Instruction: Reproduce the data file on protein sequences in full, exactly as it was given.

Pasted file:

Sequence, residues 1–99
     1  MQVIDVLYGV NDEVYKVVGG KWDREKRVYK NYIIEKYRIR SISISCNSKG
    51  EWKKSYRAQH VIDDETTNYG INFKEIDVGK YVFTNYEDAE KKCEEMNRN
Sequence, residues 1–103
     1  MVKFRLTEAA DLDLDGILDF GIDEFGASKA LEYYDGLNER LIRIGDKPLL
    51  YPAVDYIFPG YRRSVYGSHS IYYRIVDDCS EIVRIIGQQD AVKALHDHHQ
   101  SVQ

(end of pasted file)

Sequence, residues 1–99
     1  MQVIDVLYGV NDEVYKVVGG KWDREKRVYK NYIIEKYRIR SISISCNSKG
    51  EWKKSYRAQH VIDDETTNYG INFKEIDVGK YVFTNYEDAE KKCEEMNRN
Sequence, residues 1–103
     1  MVKFRLTEAA DLDLDGILDF GIDEFGASKA LEYYDGLNER LIRIGDKPLL
    51  YPAVDYIFPG YRRSVYGSHS IYYRIVDDCS EIVRIIGQQD AVKALHDHHQ
   101  SVQ